The AADAP program, which is a part of the United States Fish and Wildlife Service’s Fish and Aquatic Conservation program (USFWS-FAC), is the only program in the U.S. singularly dedicated to obtaining U.S. Food and Drug Administration (FDA) approval of new drugs needed for use in fish culture and fisheries management. AADAP is comprised of four sub-programs: the National Investigational New Animal Drug (INAD), Research, New Animal Drug Approval (NADA), and Outreach programs. Together these programs provide fish culturists and fish health professionals with legal access to a variety of aquaculture drugs currently in the drug approval process, evaluate the safety and efficacy of aquaculture drugs, assist drug sponsors in navigating the new animal drug approval process, and provide fisheries professionals with up-to-date information about existing and pending drug approvals, as well as extensive drug use guidance information. We are a partner-based organization and couldn’t accomplish our mission without the support of our colleagues in the field.
AADAP sends out a monthly news bulletin via an email listserv. These bulletins contain updates about aquaculture drugs currently in the approval process, AADAP programmatic updates, and aquaculture drug use guidance information. If you would like to sign up to receive the AADAP Update, please email Julie Schroeter to be added to our email list.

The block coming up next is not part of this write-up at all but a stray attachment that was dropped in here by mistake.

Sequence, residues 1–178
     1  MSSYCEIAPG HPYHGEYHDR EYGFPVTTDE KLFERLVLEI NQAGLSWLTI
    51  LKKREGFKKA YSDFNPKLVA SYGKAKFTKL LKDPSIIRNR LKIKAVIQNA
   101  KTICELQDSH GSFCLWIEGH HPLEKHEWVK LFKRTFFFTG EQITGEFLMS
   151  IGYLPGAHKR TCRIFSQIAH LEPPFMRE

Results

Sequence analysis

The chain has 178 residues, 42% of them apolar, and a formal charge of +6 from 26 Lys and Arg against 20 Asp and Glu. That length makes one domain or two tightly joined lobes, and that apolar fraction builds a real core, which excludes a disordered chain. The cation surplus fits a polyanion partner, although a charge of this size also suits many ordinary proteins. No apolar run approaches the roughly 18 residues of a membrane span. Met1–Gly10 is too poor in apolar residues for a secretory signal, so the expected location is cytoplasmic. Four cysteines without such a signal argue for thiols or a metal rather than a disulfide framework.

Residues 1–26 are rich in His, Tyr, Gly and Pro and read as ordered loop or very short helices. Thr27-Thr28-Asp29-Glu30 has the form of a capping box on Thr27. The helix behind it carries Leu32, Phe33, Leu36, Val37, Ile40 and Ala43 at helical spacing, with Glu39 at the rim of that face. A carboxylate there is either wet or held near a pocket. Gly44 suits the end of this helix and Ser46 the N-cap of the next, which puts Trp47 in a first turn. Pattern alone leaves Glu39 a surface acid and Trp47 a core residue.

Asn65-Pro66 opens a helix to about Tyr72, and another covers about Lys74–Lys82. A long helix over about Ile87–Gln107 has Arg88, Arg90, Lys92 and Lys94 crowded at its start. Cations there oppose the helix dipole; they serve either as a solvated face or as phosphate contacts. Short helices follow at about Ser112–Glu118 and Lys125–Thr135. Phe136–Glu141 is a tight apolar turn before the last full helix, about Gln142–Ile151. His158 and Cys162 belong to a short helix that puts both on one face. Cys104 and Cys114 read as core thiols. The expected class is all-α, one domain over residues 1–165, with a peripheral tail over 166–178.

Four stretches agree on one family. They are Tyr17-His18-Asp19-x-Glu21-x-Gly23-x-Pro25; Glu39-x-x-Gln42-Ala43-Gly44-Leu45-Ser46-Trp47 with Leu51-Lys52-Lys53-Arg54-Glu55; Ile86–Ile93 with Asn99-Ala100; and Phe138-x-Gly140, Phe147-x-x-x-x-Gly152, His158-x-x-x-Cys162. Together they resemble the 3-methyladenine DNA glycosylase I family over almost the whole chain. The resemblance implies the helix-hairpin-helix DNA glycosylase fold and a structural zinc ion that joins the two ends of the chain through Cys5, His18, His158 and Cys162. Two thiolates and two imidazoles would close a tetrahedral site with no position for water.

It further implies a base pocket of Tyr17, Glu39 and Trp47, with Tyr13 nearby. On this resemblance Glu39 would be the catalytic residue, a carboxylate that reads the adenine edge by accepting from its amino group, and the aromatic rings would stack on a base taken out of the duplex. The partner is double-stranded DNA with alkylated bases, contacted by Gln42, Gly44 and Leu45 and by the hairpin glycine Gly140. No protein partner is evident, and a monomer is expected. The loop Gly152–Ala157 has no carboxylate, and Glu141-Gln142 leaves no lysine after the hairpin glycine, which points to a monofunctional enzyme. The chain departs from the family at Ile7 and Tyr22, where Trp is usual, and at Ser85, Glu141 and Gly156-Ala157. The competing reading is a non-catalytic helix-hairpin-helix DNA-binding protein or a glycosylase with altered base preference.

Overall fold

Monday, November 15, 2021 NOAA released two Atlases compiling the best available science to inform the identification of Aquaculture Opportunity Areas (AOAs) in the Gulf of Mexico and Southern California. NOAA previously identified these regions for their potential to host sustainable commercial aquaculture development in the United States. Areas in the Atlases will have characteristics expected to support multiple types of aquaculture industries including finfish, shellfish, seaweed, or some combination.
The 2021 Humboldt Bay Symposium will be webcast via Zoom on September 28-30. A long-standing local tradition, the Symposium is a community-oriented conference and provides a unique opportunity for the general public to engage directly with scientists, managers, and local experts. It is a forum for learning about the latest developments on a variety of current issues related to the Humboldt Bay region including research and restoration of coastal ecosystems, economic development, and sustainable use and recreation.
Santa Barbara News-Press by Dave Mason September 15, 2021
Students are getting first-hand experience with sustainable seafood and marine conservation. That’s thanks to a collaboration between The Cultured Abalone Farm, the Santa Barbara Museum of Natural History Sea Center and the National Oceanic and Atmospheric Administration Southwest Fisheries Science Center. Select Link